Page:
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SASKIA V. POPESCU, PHD, MPH, MA, CIC, is a hospital epidemiologist and infection preventionist. During her work as an infection preventionist, she performed surveillance for infectious diseases, preparedness, and Ebola-response practices. She holds a doctorate in biodefense from George Mason University where her research focuses on the role of infection prevention in facilitating global health security efforts. She is certified in infection control and has worked in both pediatric and adult acute care facilities.
Infection preventionists keeping an eye on coronavirus.
Any news of a pneumonia cluster from an unknown pathogen is worrisome, but especially when it conjures memories of SARS-CoV (Severe Acute Respiratory Syndrome Coronavirus) and the lack of information sharing that occurred in 2003.
Thankfully, this has not been the case with the now identified novel coronavirus, first reported on December 31, that is causing an outbreak in Wuhan. Following lab tests that ruled out SARS-CoV, MERS-CoV, avian influenza, adenovirus, and influenza, Chinese authorities announced that they had isolated a novel coronavirus on January 7.
Currently called n-CoV2019, this virus has caused 41 confirmed cases and one death.The World Health Organization (WHO) has worked to maintain up-to-date information regarding the investigations and research into the virus and outbreak. Thankfully, there have been no infections among healthcare workers and no clear evidence of human-to-human transmission. Epidemiological links are suggesting exposure in one seafood market in Wuhan is likely a source for transmission.
Nevertheless, the New York Times is reporting this morning that “there may have been limited human-to-human transmission of a new coronavirus in China within families, and it is possible there could be a wider outbreak.”
Maria Van Kerkhove, acting head of WHO's emerging diseases unit, tells the newspaper that, “from the information that we have it is possible that there is limited human-to-human transmission, potentially among families, but it is very clear right now that we have no sustained human-to-human transmission.”
The WHO has stated that the “clinical signs and symptoms reported are mainly fever, with a few cases having difficulty in breathing, and chest radiographs showing invasive pneumonic infiltrates in both lungs. National authorities report that patients have been isolated and are receiving treatment in Wuhan medical institutions.” Currently, over 760 close contacts of cases are being followed up and the Wuhan Municipal Health Commission is working to identify retrospective cases and potential clusters. The seafood market that investigations have shown is likely to have an association with exposures, has been closed with environmental disinfection and sanitation efforts underway. Interestingly, the WHO also notes most cases were in handlers or frequent visitors to the seafood market.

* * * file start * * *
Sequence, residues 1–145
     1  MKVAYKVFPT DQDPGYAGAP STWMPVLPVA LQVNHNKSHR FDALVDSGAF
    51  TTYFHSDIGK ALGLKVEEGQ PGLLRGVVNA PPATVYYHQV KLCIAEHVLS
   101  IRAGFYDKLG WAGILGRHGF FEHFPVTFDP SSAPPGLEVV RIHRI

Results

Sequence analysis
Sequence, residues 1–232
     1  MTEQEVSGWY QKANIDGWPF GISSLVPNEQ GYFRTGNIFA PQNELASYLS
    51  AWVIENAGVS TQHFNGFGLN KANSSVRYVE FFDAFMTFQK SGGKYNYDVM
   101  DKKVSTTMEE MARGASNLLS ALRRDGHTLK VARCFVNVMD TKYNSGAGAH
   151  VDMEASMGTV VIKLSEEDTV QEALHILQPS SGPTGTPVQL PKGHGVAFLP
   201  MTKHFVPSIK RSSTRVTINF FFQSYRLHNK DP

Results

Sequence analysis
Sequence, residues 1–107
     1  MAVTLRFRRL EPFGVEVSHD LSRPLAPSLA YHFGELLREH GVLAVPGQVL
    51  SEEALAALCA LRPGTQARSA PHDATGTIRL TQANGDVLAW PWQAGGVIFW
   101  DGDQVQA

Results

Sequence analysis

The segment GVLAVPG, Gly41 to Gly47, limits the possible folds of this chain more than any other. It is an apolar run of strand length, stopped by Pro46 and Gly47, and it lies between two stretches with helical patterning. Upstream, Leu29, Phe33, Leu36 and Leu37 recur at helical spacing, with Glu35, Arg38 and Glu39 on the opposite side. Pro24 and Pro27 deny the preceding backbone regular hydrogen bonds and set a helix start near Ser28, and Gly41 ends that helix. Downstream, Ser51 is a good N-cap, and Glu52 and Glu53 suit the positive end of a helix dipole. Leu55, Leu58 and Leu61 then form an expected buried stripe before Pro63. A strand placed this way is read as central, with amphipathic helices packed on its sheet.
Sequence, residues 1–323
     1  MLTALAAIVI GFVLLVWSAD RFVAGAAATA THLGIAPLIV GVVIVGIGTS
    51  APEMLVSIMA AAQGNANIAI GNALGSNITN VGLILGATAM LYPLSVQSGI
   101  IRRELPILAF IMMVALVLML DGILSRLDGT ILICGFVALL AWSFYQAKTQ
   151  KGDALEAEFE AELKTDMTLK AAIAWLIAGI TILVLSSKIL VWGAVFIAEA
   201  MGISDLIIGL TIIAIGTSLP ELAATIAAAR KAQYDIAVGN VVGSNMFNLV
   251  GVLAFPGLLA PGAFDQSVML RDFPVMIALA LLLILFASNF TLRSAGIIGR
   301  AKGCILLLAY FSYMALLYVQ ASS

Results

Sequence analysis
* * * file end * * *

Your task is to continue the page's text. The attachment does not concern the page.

From the infection prevention and control (IPC) perspective though, what should we be doing? The US Centers for Disease Control and Prevention (CDC) has provided situation reports and guidance for those in healthcare, in addition to risk assessments. The CDC is continuing to monitor the situation and has provided travel guidance for those traveling from or to Wuhan. Healthcare providers are encouraged to consider pneumonia related to the cluster for those patients with severe respiratory symptoms and travel to Wuhan since December 1, 2019 “and had onset of illness within two weeks of returning, and who do not have another known diagnosis that would explain their illness.”
The CDC encourages providers to notify infection prevention personnel and local and state health departments immediately if they have a patient meeting such criteria. Multiple respiratory tract specimens will be necessary, but it is also critical to maintain proper isolation to prevent further transmission. While there are many unknowns regarding the transmission dynamics and etiology of n-CoV2019, patients should be asked to wear a surgical mask and evaluated in a private room until they can be moved to a negative pressure room to maintain airborne/contact isolation.
Healthcare workers and anyone entering the room should then utilize a gown/gloves and N95 mask to maintain the airborne/contact isolation precautions. Given these recommendations and the changing nature of the outbreak, it is important to discuss with staff the recommendations, importance of travel screening for patients, and maintaining communication with IPC. Now is a great time to round in the urgent care and emergency departments to maintain continuous education and conversations about this evolving situation, but also ensure questions and concerns are met with real answers from CDC-provided guidance.